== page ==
West Warrnambool cricketer Leigh Johnson will play his 274th game this weekend, setting a club record.GROWING up around the corner from Davidson Oval, it’s no surprise Leigh Johnson found his way to West Warrnambool Cricket Club.
Nanjing Night Net

As a lightly framed nine-year-old, he started with the club’s mini colts under the guidance of his uncle Ken Lucas in the late 1980s. At the tender age of 13 he progressed to senior cricket and at 16 he graduated to A grade ranks.

Twenty-two years later, Johnson, 35, is preparing to become West’s most capped player.

Johnson will break Dean Hurford’s club record for the most number of senior grade games played when he lines up for his 274th match with the Panthers in Saturday’s Warrnambool and District Cricket Association division one grand final against Nestles.

“You never think about playing that many games,” the top-order batsman said.

“You are playing 14 games a year if you are lucky. Some years we would have played eight when you take out the washouts.”

He estimates he would have played 230 games in A grade or division one.

But the Warrnambool accountant isn’t planning any major celebrations.

“Obviously this week it doesn’t mean that much because we have got the grand final. This week is all about the grand final. You can’t think about it (the record) at all. I might think about it after the season or in a few years’ time.”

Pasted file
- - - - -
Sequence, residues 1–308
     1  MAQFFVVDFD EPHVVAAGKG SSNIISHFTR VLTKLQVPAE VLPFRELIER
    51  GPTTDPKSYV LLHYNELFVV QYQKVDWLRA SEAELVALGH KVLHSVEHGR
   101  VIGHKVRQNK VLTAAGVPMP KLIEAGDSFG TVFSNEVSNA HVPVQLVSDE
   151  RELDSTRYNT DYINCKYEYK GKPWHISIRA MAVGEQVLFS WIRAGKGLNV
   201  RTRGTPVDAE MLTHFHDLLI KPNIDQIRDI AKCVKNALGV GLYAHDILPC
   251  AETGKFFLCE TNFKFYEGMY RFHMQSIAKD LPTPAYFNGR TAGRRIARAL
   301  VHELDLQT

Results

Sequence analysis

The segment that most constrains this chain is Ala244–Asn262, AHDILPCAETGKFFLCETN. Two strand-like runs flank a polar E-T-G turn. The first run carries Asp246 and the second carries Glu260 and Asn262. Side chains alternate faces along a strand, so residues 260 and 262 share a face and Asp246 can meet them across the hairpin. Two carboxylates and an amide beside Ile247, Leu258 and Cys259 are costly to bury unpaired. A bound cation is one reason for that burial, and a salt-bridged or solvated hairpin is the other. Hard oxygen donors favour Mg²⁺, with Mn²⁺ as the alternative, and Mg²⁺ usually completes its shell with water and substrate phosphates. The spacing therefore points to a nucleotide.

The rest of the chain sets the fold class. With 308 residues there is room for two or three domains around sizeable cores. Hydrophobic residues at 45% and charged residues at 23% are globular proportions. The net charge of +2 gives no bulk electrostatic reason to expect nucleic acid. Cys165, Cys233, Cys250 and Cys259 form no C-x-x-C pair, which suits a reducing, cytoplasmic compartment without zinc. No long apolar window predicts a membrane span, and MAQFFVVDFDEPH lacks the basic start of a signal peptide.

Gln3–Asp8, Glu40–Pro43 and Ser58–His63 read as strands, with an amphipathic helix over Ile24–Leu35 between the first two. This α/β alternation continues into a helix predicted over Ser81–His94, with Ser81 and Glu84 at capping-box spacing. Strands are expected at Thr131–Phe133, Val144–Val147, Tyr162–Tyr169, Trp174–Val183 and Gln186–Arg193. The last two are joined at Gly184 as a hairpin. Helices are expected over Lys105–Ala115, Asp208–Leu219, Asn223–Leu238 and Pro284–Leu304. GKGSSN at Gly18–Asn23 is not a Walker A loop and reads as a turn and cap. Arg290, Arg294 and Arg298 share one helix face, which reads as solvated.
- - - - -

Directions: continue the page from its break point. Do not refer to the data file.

Johnson, who has scored 8286 runs in his senior career, boasts an impressive list of achievements in the game.

He was last season’s WDCA cricketer of the year, he has finished second in the award several times, nine times he has been named West’s club champion and he has represented the association too many times to remember.

Yet there is one major prize missing — a premiership.

He was a member of West’s two most recent grand final appearances in 2003 and 2010 when Nestles and Allansford took the major prize. He also played in a second-grade season-decider when he was 15 but that too was unsuccessful.

“I have 10 mates every weekend and winning one is what it’s all about and sharing it with them. We tasted it a bit with the Twenty20 (victory in January) but this is bigger.”

Among those mates on Saturday will be his younger brother Simon, who has been a permanent member of the side for the past 12 years.

While a grand final triumph would be personally satisfying, Johnson said he wanted to help deliver a flag to the club that meant so much to him. West’s last flag was in 1989-90.

“It’s just huge for the club,” Johnson said.

“I’ve played cricket in some form for 20 years with Simon (Johnson), Luke (Gannon) and Macka (Corey McDonald). We haven’t won one in 22 years. It’s just huge.”

To appreciate Johnson’s longevity in the game, he has only missed six matches in 22 years with injury, including four to a hamstring injury in the 2009-10 season.

But he has been injury-free this season and can’t wait for a tilt at a long-awaited premiership.

After years of frustrating bowlers across the competition, Johnson isn’t planning on making it easier for the leather flingers.

If West won, would he retire?

“I wouldn’t have thought so … you just never know. The body has managed to stay in one piece this year.”

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